Les Croix de bois (Wooden Crosses) (1932)
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as Gilbert Demachy
as Caporal Breval
as Le Capitaine
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No matter how well intentioned socially conscious movies may be, they have a tendency to age very badly due to societal norms constantly shifting.(So, relax, those of you who hate "Crash."(2005)) For example, look at the topic of gay marriage. Were we even discussing this ten years ago?
War in all of its lunacy and immense waste of human life is sadly the exception. And that is even taking in consideration how much warfare has changed since the gritty "Wooden Crosses" was made in 1932. It starts on a giddy note, as the French populace is excited at the prospect of going to war against Germany in World War I. The movie focuses on one of the enlistees, Gilbert Demachy(Pierre Blanchar), a law student, as he fights alongside a group of other soldiers. As time wears on, their high spirits wane as conditions get increasingly worse and the casualties mount. Oh and did I mention the lice? That is nothing compared to the knocking the soldiers hear which can only mean the Germans are tunneling under them to place a mine. As bad as that may sound, I have rarely seen anything as agonizing as the ending. There can be little worse than that.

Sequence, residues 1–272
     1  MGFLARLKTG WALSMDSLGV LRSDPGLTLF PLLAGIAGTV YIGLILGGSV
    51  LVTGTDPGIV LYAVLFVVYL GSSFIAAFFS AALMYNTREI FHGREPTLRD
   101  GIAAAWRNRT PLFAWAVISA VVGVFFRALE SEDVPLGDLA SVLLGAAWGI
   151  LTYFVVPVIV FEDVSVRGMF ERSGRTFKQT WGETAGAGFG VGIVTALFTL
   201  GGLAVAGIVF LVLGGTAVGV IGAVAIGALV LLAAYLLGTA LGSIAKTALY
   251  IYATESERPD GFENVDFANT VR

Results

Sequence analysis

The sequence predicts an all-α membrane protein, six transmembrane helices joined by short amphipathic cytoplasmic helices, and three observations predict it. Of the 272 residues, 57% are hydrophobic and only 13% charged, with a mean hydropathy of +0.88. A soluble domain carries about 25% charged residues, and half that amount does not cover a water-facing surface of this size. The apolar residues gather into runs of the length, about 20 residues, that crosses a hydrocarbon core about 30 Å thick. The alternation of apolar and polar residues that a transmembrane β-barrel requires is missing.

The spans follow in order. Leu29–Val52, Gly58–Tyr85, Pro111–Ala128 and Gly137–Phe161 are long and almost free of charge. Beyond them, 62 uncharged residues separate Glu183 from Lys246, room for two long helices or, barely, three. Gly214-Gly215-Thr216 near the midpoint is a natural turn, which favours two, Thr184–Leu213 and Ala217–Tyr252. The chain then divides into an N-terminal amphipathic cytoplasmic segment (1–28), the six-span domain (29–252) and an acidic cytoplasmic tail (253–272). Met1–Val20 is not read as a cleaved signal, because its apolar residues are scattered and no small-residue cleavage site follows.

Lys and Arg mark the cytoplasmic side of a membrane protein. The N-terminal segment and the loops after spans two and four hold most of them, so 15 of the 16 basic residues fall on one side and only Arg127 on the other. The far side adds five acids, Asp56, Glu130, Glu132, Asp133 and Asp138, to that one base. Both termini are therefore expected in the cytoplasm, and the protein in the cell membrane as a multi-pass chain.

(Originally reviewed in the blog section on February 27, 2009.)
Wonderful French war movie. One of the greatest. Tough, stripped of that humane touch that modern war movie try to develop. Yet, you'll never be quite as disgusted by war as during the mine episode when a platoon has to hold a position for hours knowing full-well that the enemy has put tons of explosives underneath and is about to blow it up. Brilliant, just hope we'd be able to make such wonderful movies nowadays.
Here's my deal. World War I was a dumb war. Years of history classes and it keeps coming back. There should have been some better planning.
This is an extremely gorgeous movie that kinda suffers only from the fact that it is more of a chronicle of the harshness of war rather than focusing on a single character. But the overlays and the memory sequences make this movie worth watching if nothing else.
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